But those are only the factors that will determine your expenses. The amount you eventually receive will depend a great deal on whether or not you were partially to blame for the accident. Florida is a “comparative negligence” state. That basically means your compensation will be reduced depending on the amount of blame you’re assigned.
Let’s consider an example. Say you were assessed 40% of the blame. Your medical bills are $100,000. Because of your comparative negligence, 40% your damages will be reduced by 40%. Instead of being compensated $100,000, you’ll receive $60,000. This is just one of the many reasons you’re going to need an experienced personal injury attorney. So that you can obtain full and fair compensation for your injuries and losses. Your legal representative can investigate your accident. And they’ll uncover the evidence needed to show you weren’t to blame.
Who Will Pay My Medical Expenses After a Personal Injury?
In the meantime, you’re probably wondering how the bills you’re accumulating will be paid as your case moves forward.
Florida is known as a “no fault” state when it comes to insurance. This simply means that an accident injury victim will go through their own auto insurance to pay their bills first. This applies regardless of who is to blame.
Unfortunately, most people have vehicle insurance policies that have a $10,000 limit when it comes to paying medical expenses, as well as lost wages. This is known as PIP (personal injury protection). If you’ve been severely hurt, your bills are going to be much higher.
So, what happens then? Well, some people have auto policies that have an additional feature, known as med pay (medical payments) coverage. This add-on will pay for bills that PIP doesn’t cover. But the most that med pay will cover is typically $25,000. A lot of med pay policies have limits that are much smaller. They may range between $1,000 and $5,000.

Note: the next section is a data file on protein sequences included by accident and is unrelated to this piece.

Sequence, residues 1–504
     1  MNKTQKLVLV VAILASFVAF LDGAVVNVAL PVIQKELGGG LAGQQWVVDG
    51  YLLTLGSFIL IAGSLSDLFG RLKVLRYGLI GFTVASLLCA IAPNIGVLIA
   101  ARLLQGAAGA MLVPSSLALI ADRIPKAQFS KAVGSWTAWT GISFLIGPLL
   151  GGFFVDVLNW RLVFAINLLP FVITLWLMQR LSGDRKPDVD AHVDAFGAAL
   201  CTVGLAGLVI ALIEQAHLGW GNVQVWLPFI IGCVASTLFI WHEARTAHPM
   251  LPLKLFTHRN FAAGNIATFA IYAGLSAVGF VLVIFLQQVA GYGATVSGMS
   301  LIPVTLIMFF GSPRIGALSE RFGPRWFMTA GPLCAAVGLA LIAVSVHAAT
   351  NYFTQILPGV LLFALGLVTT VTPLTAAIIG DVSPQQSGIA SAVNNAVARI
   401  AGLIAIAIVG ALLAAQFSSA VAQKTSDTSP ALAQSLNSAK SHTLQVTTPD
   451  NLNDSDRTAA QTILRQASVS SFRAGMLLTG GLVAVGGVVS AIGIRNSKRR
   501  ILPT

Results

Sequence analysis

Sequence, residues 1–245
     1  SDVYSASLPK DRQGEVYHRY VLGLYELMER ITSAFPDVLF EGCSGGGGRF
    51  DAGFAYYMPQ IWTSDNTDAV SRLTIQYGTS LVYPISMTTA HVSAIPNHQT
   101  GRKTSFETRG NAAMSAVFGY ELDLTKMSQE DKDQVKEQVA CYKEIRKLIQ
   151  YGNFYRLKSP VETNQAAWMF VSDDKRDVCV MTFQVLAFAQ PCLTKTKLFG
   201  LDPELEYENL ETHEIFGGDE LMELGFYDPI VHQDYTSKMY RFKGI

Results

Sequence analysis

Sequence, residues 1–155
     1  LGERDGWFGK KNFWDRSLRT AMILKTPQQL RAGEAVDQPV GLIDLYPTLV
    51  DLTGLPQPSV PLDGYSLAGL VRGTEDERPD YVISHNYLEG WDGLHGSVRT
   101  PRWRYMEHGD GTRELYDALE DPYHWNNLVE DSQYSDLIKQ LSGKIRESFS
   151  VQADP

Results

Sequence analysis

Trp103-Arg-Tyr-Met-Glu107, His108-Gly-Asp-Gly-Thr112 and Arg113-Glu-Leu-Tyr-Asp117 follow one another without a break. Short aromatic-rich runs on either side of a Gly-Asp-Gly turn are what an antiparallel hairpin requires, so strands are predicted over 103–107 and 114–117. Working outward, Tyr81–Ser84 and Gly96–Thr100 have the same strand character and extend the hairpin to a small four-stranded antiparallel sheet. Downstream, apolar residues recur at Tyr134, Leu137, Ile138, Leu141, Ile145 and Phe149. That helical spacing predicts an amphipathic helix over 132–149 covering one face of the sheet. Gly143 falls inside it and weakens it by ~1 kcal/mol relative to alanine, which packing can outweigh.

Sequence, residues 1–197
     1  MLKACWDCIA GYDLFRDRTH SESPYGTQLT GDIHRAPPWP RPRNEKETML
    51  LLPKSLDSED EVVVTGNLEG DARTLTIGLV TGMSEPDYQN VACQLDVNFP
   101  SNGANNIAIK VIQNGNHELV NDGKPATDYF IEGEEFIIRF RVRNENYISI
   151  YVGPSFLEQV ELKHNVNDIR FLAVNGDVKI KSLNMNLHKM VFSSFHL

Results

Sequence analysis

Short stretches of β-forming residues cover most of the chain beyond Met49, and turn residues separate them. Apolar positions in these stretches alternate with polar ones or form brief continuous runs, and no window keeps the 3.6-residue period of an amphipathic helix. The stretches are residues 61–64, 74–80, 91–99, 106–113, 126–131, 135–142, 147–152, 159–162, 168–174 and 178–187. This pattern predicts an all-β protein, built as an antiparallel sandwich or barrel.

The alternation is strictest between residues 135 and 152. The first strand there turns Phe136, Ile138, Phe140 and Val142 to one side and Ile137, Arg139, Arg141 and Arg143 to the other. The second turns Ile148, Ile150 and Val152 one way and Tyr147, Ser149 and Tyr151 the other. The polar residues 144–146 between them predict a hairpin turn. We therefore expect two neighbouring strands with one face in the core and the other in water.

What’s the next option? Once your PIP and medpay coverage are exhausted, your health insurance will take over. However, that could come with hefty deductibles. An attorney with The Eberst Law Firm can help your explore your options in detail.
Why Do I Need to Keep This Information in Mind Throughout the Recovery Process?
It’s critically important that you keep in mind that your medical care could very well last for several years. You may get a settlement offer from an insurance company. But that will probably only account for your short-term care. If you accept that offer, you’ll be responsible for any other expenses that you incur. An attorney can help you avoid making this mistake. One that could haunt you for the rest of your life.
Call Eberst Law Firm to Speak with an Experienced Personal Injury Attorney
The personal injury attorneys at The Eberst Law Firm will be happy to tell you more about how we can calculate your medical expenses. Both your current and future medical costs, along with other losses you’ve incurred. If you choose us to represent you, we will work tirelessly to make sure you get the compensation you have coming.
If you would like a free review of your case, just use our online contact form or give us a call at (888) CALL-JON.